Wetness controls on global chemical weathering

Salvatore Calabrese, Amilcare Porporato

Research output: Contribution to journalArticlepeer-review

13 Scopus citations


The formation of soils, the evolution of the biosphere, and the CO2 content in the atmosphere are strongly impacted by chemical weathering. Due to its manifold importance for the long-term stability of the Critical Zone, it is crucial to link weathering rates to the environmental conditions affecting it and develop accurate rate laws for landscape evolution and carbon cycle modeling. Here we use the π theorem of dimensional analysis to provide a theoretical framework to global datasets of weathering rates. As a result, a strong relation between chemical depletion, precipitation and potential evapotranspiration synthesizes the primary role of wetness. Based on this finding, we estimate the spatial distribution of chemical depletion fraction and find that, globally, soils are 50% chemically depleted, 61% of the land is in kinetic-limited conditions, while only 1% is supply-limited. The remaining 38% of the land is in a transitional regime and susceptible to changes in wetness.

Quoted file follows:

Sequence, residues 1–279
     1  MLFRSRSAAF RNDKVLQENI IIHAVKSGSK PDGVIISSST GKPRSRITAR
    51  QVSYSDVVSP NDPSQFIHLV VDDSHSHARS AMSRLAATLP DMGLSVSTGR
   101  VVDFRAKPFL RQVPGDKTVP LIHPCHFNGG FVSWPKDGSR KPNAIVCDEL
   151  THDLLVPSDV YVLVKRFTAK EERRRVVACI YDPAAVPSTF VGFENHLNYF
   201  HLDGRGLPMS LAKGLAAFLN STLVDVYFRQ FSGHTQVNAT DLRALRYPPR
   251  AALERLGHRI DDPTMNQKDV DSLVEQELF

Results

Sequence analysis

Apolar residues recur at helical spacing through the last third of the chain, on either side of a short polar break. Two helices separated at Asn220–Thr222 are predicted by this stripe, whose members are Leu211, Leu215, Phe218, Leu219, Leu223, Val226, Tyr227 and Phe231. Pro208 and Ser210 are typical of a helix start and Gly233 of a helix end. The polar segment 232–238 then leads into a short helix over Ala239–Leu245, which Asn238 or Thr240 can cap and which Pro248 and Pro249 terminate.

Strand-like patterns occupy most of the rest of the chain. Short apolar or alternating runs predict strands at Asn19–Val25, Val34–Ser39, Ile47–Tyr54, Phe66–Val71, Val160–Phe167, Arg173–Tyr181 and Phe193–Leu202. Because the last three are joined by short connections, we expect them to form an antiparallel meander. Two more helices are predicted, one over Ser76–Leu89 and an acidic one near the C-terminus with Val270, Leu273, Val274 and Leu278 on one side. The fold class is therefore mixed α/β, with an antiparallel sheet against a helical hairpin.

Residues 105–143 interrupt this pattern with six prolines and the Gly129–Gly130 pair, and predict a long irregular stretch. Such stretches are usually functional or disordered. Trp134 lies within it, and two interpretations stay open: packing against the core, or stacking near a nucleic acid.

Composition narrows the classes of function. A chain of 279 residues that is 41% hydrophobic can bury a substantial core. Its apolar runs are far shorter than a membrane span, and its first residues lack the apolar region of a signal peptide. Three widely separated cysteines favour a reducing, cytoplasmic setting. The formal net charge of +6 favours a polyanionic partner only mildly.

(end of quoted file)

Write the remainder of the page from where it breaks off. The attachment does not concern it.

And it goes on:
Original languageEnglish (US)
Article number085005
JournalEnvironmental Research Communications
Issue number8
StatePublished - Aug 31 2020

All Science Journal Classification (ASJC) codes

  • Earth-Surface Processes
  • General Environmental Science
  • Food Science
  • Geology
  • Agricultural and Biological Sciences (miscellaneous)
  • Atmospheric Science


  • Chemical depletion
  • Chemical weathering
  • Climate
  • Dryness index


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